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So this is the third of my planned re-reads for the summer. I’ve enjoyed revisiting these books so much that this is likely to trickle on into the autumn in an unstructured way as befits what I said in this post.

Espedair Street is a great novel about a rock band. I have to put my hand up to say that I would love to have called this one of the great rock novels but to be honest I haven’t read many (actually, I can’t think of another one) so the statement would have been based on no evidence whatsoever. It’s still brilliant, but.

So, the background to this re-read is a random thought that popped into my head on the train into work one morning that Silvery Dude, who shares some of my musical taste, might actually enjoy reading about the rise and fall and possible rise again of Daniel Weir and Frozen Gold because (a) it’s rock’n’roll and (b) more importantly, it’s Scottish rock’n’roll.

So I bought him a copy. I happen to know (because I check regularly in a not-nagging-honestly big sister kind of way, just out of interest, have you got round to it yet?) that he still hasn’t read it (I’m sure he’s saving it for a rainy day or something). Anyway having forced this on him I thought that it would be nice to read along; however, as explained a sentence ago, that very quickly turned into  reading it by myself, not necessarily a bad thing.

The surprise for me was that when I went to check my stats (for yes, I keep stats on what I read, have done since June 1980, thirty years and quite a lot of books ago) I had only read this once, back in July 1992. I’m sure this is a mistake because chunks of the book have stuck in my head, but perhaps that just goes to show how powerful a story I found it to be, and besides, the stats never lie.

So, why is this so brilliant?

  • a large chunk of it is set in my home town of Paisley, so the setting is entirely recognisable (and in fact when I was a toddler we used to live near the actual Espedair Street, plus my Mum grew up in Ferguslie Park) and when I was a student we would occasionally go to the student’s union at Paisley Tech where Daniel meets his future band mates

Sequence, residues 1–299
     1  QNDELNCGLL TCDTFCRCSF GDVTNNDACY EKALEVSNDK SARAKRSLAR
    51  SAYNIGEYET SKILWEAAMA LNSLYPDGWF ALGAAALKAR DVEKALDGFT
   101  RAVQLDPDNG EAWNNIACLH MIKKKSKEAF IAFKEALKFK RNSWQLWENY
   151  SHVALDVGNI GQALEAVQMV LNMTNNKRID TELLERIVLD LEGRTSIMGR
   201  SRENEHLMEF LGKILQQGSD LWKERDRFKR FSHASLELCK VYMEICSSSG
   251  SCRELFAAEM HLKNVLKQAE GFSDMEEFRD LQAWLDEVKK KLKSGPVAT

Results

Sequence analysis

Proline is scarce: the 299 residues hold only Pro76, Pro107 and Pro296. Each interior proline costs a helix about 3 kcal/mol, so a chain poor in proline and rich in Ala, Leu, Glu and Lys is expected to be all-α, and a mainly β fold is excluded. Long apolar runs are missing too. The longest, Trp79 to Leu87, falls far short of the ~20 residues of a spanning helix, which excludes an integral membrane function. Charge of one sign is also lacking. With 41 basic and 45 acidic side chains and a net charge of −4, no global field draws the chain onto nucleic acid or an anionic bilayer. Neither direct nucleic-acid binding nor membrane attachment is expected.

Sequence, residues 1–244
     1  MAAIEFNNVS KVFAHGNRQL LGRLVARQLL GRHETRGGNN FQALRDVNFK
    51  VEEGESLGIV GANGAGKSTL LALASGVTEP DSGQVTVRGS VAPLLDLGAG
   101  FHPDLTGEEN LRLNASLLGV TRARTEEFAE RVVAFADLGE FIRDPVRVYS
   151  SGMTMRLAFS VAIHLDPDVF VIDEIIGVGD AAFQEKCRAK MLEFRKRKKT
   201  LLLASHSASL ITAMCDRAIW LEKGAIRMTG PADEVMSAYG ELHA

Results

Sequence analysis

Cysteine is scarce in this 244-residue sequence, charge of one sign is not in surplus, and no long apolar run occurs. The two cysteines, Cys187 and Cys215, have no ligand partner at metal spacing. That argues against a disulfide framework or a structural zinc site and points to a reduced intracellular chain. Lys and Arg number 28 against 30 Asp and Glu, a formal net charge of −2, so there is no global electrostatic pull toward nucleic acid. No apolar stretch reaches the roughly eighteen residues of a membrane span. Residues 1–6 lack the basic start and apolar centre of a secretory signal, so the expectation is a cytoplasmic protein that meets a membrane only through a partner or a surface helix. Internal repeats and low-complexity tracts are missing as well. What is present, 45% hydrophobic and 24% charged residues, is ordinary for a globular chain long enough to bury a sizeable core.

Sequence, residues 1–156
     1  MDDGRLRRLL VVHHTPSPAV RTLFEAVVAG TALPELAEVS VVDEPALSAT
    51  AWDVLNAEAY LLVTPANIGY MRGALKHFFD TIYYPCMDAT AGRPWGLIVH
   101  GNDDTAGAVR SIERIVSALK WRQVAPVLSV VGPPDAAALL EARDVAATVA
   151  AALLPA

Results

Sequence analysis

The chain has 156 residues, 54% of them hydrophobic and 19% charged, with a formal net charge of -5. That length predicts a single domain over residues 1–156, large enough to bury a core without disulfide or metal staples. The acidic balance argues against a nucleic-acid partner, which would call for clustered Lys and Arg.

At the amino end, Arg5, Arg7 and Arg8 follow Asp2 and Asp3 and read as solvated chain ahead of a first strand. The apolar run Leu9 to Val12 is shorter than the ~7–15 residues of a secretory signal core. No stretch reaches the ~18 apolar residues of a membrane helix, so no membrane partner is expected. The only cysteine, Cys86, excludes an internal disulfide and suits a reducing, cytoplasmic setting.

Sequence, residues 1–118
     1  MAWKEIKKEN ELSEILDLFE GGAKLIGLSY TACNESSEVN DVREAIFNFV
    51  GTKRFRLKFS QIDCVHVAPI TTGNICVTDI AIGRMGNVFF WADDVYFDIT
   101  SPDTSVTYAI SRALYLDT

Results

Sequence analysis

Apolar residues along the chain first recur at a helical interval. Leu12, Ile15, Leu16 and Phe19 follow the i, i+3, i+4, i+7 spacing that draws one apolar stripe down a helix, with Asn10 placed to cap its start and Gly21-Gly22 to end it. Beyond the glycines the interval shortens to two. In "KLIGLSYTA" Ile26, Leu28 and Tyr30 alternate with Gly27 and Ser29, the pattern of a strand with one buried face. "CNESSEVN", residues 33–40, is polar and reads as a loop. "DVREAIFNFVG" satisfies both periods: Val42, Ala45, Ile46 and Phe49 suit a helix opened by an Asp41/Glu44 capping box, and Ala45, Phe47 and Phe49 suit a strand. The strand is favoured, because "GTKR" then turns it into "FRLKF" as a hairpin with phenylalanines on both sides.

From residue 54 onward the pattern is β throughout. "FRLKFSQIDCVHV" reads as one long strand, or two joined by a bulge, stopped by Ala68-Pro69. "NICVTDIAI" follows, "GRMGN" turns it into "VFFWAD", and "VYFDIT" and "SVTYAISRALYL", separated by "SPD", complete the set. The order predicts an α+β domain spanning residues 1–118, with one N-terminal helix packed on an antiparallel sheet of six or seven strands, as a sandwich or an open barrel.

• it’s seems to be about the kind of prog rock band that I actually followed (and if I’m honest still do – hello Rush, Genesis, Pink Floyd et al); there are concept albums and drum solos for goodness sake
  • I can quite happily visualise Fish from Marillion (another favourite band) as the lead character (although not now that he doesn’t have the hair)
  • it has the full panoply of rock and roll excess – the drink, the drugs, the fast cars, the paranoia, the more-money-than-you-know-what-to-do-with – but at it’s heart is just about a bloke trying to come to terms with himself and his past
  • Frozen Gold is a great name for a band

I thoroughly enjoyed revisiting this, intend not to leave it for another 18 years before I pick it up again.

And at least now when Silvery Dude finally gets round to reading it I can talk to him about with greater clarity than I would have done otherwise.

So. How to describe this book? Well, in his introduction to this collection of William Roughead’s writings on true crime, Luc Sante suggests that the author might just be the Henry James of the genre, which is a fascinating thought, and given Roughead’s prose style (which I loved, by the way) I can see why he came to that conclusion.

Roughead was a Scot, born in 1870, who trained as a lawyer but found his calling in writing about famous crimes, mostly but not entirely Scottish, and mostly, but not entirely murders. He is notable for the fact that he attended every significant murder trial held in Edinburgh between 1889 and 1949, a remarkable feat. And he turned most of them into articles or books written in his own inimitable style which would, as has been said by others, make you think that he came from a much earlier age. I found myself reading out whole paragraphs to the Book God because they were too much fun not to be shared.